This week’s podcast roars through a huge range of subjects and features Colin Lambert lamenting the demise of “crazy” hedge funds and Galen Stops questioning how much value there really is in the swathe of market data products coming to the market.
Our two podcasters also take a look at TCA and ask, “does it really add value?” They delve deeper into the real challenges facing corporate treasuries (hint: it’s not execution) and the value, or otherwise, of them using currency overlay programmes; roll through the FX Global Code and into the end of the class action against Deutsche Bank over last look; and end up with exciting news for listeners attending Forex Network Chicago.
This week's In the FICC of it Colin Lambert and Galen Stops discuss the implications of an FX market where intermediaries are sometimes more profitable than the risk-taking firms that are using their services, and the former - for once - is unsure who to blame for this state of affairs.
Elsewhere, a new report claims that the FX Global Code is already leading to greater transparency and improved behaviour in the FX market, but Lambert isn't buying this explanation, and Stops recounts comments from a recent interview with the FinTech firm, Cobalt, and asks: is the #blockchain fad over in FX?
The pair also explain that while, yes, hedge fund fees are in general still coming under downwards pressure, if you scratch beneath the surface there is evidence that investors are still willing to pay for alpha, they've just become savvier about analysing exactly what this constitutes.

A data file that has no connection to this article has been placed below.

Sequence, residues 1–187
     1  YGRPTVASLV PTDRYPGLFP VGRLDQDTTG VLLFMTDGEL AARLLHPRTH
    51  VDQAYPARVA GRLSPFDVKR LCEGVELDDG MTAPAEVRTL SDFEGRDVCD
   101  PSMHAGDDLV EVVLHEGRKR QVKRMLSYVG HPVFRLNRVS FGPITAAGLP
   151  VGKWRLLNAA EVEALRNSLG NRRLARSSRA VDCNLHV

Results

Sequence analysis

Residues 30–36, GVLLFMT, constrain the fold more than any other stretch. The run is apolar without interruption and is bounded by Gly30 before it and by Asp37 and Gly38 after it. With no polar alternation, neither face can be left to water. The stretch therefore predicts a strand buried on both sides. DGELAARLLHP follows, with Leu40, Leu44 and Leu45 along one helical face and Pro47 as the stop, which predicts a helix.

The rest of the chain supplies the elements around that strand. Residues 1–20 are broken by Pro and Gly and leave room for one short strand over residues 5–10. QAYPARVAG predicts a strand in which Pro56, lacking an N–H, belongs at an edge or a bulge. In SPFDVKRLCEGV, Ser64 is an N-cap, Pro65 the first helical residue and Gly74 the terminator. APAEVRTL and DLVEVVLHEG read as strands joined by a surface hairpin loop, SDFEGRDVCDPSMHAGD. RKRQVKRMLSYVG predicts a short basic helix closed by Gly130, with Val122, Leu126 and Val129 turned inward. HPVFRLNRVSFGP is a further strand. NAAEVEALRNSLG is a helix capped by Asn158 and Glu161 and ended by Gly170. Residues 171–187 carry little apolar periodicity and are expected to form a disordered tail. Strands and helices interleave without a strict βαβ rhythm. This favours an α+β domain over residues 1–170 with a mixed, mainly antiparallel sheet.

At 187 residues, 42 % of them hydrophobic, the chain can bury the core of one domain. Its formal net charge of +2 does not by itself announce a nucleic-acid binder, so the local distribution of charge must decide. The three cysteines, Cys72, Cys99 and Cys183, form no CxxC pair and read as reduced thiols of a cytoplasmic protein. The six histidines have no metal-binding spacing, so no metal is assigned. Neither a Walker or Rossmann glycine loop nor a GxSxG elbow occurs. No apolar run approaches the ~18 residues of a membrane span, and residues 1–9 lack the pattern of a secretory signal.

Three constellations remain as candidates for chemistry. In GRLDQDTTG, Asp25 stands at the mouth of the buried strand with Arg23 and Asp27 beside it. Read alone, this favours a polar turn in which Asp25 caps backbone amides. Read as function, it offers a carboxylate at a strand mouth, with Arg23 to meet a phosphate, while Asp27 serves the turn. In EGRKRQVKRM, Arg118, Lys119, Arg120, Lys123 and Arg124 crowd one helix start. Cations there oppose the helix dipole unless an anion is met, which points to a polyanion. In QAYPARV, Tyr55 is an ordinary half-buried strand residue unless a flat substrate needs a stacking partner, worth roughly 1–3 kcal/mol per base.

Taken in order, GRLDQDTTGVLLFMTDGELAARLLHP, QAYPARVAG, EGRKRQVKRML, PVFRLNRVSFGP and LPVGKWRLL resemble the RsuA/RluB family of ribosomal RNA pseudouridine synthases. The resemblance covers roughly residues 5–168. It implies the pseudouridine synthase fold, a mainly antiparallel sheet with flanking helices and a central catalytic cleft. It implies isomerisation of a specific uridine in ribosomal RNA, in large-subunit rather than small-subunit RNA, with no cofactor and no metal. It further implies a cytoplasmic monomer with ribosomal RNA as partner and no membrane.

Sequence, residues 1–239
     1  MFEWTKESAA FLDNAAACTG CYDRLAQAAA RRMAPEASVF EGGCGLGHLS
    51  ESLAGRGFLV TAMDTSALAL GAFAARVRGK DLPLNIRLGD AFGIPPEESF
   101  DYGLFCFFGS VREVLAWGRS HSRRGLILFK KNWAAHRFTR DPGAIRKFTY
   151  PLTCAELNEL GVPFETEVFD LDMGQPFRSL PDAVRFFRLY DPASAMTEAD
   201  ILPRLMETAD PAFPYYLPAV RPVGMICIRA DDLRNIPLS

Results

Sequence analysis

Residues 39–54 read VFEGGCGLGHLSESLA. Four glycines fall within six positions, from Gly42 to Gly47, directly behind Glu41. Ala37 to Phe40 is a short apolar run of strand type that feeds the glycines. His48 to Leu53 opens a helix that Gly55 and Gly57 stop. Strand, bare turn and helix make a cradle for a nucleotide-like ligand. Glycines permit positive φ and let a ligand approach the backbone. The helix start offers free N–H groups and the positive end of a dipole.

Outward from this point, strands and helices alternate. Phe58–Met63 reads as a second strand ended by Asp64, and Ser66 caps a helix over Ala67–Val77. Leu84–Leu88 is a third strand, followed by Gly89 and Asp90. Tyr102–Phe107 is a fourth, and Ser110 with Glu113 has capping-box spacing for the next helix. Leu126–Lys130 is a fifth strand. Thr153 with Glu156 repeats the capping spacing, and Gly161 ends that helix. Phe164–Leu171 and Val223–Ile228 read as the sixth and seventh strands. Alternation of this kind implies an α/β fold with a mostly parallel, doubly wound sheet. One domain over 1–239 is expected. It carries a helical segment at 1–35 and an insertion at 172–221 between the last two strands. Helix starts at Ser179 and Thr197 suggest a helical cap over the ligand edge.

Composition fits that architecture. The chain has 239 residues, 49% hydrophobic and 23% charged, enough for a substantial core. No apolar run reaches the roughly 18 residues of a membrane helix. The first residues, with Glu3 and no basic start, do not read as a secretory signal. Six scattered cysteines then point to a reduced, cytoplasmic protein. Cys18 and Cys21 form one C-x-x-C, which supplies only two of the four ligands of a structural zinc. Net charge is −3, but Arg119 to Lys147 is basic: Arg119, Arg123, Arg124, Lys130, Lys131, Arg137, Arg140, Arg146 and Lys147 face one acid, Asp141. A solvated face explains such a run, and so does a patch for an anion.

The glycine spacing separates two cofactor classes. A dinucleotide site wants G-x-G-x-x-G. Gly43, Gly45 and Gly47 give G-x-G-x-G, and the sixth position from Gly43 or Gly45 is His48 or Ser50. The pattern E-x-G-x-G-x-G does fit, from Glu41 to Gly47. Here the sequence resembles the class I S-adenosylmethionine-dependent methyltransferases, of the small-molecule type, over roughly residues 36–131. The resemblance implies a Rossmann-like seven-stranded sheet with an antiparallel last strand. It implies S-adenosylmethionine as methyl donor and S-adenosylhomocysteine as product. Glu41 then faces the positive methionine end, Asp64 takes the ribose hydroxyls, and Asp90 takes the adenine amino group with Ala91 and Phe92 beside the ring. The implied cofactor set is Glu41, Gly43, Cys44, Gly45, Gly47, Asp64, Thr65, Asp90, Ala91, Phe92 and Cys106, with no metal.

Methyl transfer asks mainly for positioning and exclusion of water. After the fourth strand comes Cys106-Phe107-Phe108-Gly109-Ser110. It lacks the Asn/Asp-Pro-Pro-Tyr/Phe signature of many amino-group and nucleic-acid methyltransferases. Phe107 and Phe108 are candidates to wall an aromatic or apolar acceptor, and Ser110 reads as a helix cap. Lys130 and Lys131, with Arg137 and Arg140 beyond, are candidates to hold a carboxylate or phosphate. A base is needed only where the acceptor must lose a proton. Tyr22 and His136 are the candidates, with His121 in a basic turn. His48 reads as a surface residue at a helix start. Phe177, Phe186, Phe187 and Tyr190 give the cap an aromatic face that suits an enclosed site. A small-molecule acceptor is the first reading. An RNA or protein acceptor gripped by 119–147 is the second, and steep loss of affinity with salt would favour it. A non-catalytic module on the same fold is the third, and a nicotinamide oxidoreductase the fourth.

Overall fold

In this week’s podcast Galen Stops explains the devil in the detail behind the SEC rejecting bitcoin ETFs, the changing market structure in crypto generally, and how market participants are going about institutionalising the new asset class.
Colin Lambert meanwhile, is in a punchy mood and wants to take everything and everybody to task.
They observe how crypto-strategists are just the same as fiat strategists; discuss the barriers to entry for currency managers; the pricing of credit and liquidity in FX; and Lambert in particular has a problem with investors’ approach to allocating to hedge funds.
In this week’s In the FICC of It, your podcasters are taken to task by a listener over some points they may have missed when discussing the State Street/BestX deal last week and Galen Stops asks Colin Lambert the question (on behalf of a listener), ‘can you be too client focused?’
They also look at the impact of political events on FX markets and Lambert appeals to listeners of a ‘certain generation’ (i.e. as old as he is!) to come up with times when global politics was potentially such an influence on FX markets?
The evolving market structure of crypto markets also attracts their attention, and they ask the question; ‘Can innovation really thrive in banks today?’
In this week’s podcast episode, Colin Lambert and Galen Stops share their views on the takeover of BestX by State Street. What does it mean for BestX’ USP of independence? What drove the deal? Will it be a success?
They also touch upon the latest lawsuit in FX circles, served by former Fastmatch CEO and founder Dmitri Galinov against the firm and its owner, Euronext US, and ask whether this highlights yet another barrier to success for the swathe of fintech firms targeting the FICC sector?